In the mid 1800s, not many (non-native) Americans had ever been west of the Mississippi. When Frederick Law Olmstead visited the west in the 1850s, he remarked that the plains looked like a sea of grasses that moved "in swells after a great storm." Massive herds of buffalo wandered the plains. Cowboys shepherded…
A few months before the end of the world, everyone was saying their goodbyes.
At some point in your life you've probably encountered a problem in the built world where the fix was obvious to you. Maybe a door that opened the wrong way, or poorly painted marker on the road. Mostly, when we see these things, we grumble on the inside, and then do nothing.
Imagine taking a time machine back to 1750—a time when the world was in a permanent power outage, long-distance communication meant either yelling loudly or firing a cannon in the air, and all transportation ran on hay. When you get there, you retrieve a dude, bring him to 2015, and then walk him around and watch…
The first factor that needs to be considered in the design of a space suit is "what will the suit be used for?"
New Yorkers are known to disagree about a lot of things. Who's got the best pizza? What's the fastest subway route? Yankees or Mets? But all 8.5 million New Yorkers are likely to agree on one thing: Penn Station sucks.
First, let's assume you are in orbit around the Earth's atmosphere, and you threw the cookie sunward at 25 mph. The most delicious of speeds.
All of them? If you're talking about a commercial airliner, then there's hundreds and hundreds. There are big, fat manuals describing what they all do. But, since you asked, buckle up.
The first time you see someone sabre a bottle of Champagne a series of thoughts run through your mind:
A classic debate! Good or Evil? Chocolate or Strawberry? Star Trek or Star Wars (excluding the Death Star)? But unlike those timeless questions this one really does seem to have a compelling answer. And its not what the majority seem to think.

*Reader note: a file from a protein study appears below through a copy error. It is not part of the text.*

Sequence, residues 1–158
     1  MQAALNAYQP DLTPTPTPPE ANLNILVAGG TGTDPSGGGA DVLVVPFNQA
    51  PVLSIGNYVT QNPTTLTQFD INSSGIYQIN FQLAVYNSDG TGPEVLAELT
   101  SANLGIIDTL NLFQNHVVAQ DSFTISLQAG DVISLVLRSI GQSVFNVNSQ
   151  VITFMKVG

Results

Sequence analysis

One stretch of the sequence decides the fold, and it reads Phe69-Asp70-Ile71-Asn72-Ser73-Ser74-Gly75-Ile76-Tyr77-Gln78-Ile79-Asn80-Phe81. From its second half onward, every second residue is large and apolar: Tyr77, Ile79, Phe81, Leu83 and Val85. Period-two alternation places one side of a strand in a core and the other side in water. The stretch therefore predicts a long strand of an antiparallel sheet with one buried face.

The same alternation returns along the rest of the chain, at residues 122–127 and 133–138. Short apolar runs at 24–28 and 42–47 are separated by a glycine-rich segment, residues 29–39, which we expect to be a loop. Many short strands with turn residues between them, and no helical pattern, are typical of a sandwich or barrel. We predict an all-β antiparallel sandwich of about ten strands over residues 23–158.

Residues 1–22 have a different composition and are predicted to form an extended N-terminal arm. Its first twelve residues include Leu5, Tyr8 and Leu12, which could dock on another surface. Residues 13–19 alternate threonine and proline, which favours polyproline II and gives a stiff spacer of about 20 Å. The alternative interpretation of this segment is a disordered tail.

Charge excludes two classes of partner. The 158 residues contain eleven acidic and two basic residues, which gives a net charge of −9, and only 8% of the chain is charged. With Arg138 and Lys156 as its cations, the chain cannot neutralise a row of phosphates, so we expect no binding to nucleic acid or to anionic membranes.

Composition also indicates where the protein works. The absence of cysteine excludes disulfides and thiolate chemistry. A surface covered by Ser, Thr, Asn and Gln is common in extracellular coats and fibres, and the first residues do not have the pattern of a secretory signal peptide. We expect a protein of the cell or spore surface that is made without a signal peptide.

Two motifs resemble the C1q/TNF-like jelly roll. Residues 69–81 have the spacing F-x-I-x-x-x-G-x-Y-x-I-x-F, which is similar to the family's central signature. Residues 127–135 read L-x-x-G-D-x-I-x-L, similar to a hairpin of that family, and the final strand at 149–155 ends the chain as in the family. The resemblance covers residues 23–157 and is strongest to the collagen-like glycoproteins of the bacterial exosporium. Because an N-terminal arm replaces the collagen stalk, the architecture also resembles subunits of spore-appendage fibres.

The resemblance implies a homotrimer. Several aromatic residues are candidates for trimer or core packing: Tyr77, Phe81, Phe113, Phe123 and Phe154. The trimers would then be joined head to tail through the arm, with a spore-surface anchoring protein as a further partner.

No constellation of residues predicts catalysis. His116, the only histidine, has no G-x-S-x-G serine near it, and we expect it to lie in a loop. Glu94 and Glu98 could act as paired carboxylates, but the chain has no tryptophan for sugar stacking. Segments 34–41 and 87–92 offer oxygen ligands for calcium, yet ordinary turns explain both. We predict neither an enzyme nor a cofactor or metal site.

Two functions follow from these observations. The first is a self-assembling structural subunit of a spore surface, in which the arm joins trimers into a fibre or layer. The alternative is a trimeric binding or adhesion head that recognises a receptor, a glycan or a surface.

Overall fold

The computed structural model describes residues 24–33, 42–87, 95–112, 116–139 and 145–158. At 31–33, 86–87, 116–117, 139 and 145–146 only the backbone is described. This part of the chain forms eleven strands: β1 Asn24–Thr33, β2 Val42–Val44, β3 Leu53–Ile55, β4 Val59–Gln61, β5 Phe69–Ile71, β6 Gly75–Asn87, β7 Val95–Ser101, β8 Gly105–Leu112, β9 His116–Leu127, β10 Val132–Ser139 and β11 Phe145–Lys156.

First, let's start by dispelling a somewhat popular myth that more or less goes like this:
So in your spare time you're looking at an aerial view of London on your favorite online mapping service (as one does), when you notice a street called London Wall.
If you want to follow conversation threads relating to this show on social media—whether Twitter, Facebook, or Instagram, Tumblr—you know to look for the hashtag: #99pi. In our current digital age, the hashtag identifies movements, events, happenings, brands—topics of all kinds. The "#" didn't always have this…
It is delightful to have my masters degree in Mechanical Engineering put to use in resolving age old engineering problems.
Iconic buildings such as the Flatiron Building and the Empire State Building are revered for their historical and cultural significance. However, few people are aware of the equally important structures scattered around the world—structures that have survived time, nature, and the wrecking ball.
In the spirit of making problems go away, sometimes you want to just launch a particular person/problem into the sun. So—could you? And just how big would the canon need to be?
There's a little trophy shop called Aardvark Laser Engraving down the street from our office in Oakland. It's small but bustling, and its windows are stuffed to the brim with awards made of all kinds of materials and in any shape you can imagine: chalices, orbs, golfers, gavels, apples, and plaques. Plenty of plaques.…
For many coming to New York City, the available entry is the Port Authority Bus Terminal (PABT). However, if a traveler seeks the charm of a grand entrance, they will be greatly disappointed. The PABT is considered, colloquially, to be a hall of unfathomable nightmares. As one Yelp! reviewer put it:
High rise buildings have used the same elevator system for decades. So why mess with a good thing? Because that good thing is one major waste of space. Friends, it's time to redesign the elevator.